By David Colburn
On March 14, 2011, iconic singer-songwriter Tom Waits will be inducted into the Rock and Roll Hall of Fame by Neil Young at the Waldorf-Astoria hotel in New York City. After receiving the news last December, Waits issued the following statement: “I never really cared about the Rock and Roll Hall of Fame…but now I’m surprised to discover how much I do care.” Such a sentiment may echo in the minds of quite a few fans of Tom Waits and of more experimental music in general. While there have been intriguing honorees in the ceremony’s past, 1995’s posthumous presentation for Frank Zappa, 2001’s induction of Talking Heads and 2010’s induction of Genesis come to mind, many of the inductees exert a much more conventional and obvious influence on the namesake genre. After all, when one considers the phrase “rock and roll”, it is likely that Chuck Berry, Little Richard, and Buddy Holly spring to mind long before the faintest notion of Tom Waits even surfaces.
When the already vague definition of the genre is allowed leisure, the official guidelines of induction, as referenced from the Rock and Roll Hall of Fame’s website, provide a surprisingly clear justification: “Artists become eligible for induction 25 years after the release of their first record. Criteria include the influence and significance of the artists’ contributions to the development and perpetuation of rock and roll.” Influence is a key term, rather one is discussing Waits or any of the previously-mentioned artists. Each honoree has ensured a lasting influence through a carefully crafted and ultimately unique style that extends beyond simple measure.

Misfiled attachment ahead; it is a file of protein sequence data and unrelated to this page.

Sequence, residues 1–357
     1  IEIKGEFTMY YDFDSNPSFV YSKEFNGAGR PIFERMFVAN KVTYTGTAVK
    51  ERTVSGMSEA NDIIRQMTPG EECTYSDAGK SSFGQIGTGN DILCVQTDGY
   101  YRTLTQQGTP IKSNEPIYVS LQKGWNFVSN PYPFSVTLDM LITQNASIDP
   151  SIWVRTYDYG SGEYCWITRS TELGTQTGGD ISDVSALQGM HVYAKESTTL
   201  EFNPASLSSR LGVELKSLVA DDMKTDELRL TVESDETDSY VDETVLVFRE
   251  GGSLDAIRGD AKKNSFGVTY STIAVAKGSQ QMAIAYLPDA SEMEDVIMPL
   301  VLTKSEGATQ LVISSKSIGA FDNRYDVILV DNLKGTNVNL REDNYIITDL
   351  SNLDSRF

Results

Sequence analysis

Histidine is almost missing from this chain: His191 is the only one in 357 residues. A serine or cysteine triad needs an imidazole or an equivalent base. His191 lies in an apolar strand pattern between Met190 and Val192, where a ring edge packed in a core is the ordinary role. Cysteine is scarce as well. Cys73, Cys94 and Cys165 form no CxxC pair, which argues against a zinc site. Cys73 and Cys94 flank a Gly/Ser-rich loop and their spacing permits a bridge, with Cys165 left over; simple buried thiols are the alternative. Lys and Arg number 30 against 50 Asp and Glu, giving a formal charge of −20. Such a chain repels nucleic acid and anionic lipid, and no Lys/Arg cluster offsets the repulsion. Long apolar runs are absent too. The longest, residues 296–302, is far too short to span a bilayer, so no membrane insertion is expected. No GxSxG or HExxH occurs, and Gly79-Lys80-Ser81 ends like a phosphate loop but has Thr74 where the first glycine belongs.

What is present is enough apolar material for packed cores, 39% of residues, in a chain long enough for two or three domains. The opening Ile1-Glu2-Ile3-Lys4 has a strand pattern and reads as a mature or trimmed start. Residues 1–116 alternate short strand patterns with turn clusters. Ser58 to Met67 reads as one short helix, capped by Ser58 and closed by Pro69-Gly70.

Marimba-laden melodies creep around vast darkened alleys of jazz and blues while being commanded by a growl that is both daunting and compelling; this is the music of Thomas Alan Waits. Incredibly diverse yet consistent; raspy and raw yet infectious and delicate. Wait’s work exists in a series of paradoxes that only adds to its appeal. By applying disparate elements of far-reaching genres, the literary legacy of the Beat writers and an unmistakable stage persona, Tom Waits has formed a style that merits its own genre classification.
Multiple musicians, including Neko Case, Rod Stewart, The Ramones, and The Violent Femmes, have covered Waits’ work and the aural influence is expressed through the contemporary works of Modest Mouse and Man Man, to name a few. One of the most striking and aspects of Tom Waits’ work is how the listener’s reaction changes over time; while initially bombarded by the toppling rhythm and swagger of the music, one may find that the lyrics pack the most potent punch in cementing a lasting memory. Rock and roll, whatever it may mean to the reader, is based heavily in the creation of a very distinct, vibrant, and ultimately unforgettable atmosphere, perhaps Tom Waits is one of the more appropriate inductees of the ceremony’s twenty-five year history.
Other honorees include Alice Cooper, inducted by Rob Zombie, Neil Diamond, inducted by Paul Simon, Dr. John, inducted by John Legend, and Darlene Love, inducted by Bette Midler. Elektra Records founder Jac Holzman and Specialty Records founder Art Rupe will receive Ahmet Ertegun Awards, and Leon Russel will receive the Rock and Roll Hall of Fame Award for Recording Excellence, formerly known as the “Sideman” category, inducted by Elton John. The event will be broadcast on Fuse TV the following Sunday, March 20, at 8 p.m. central-standard time.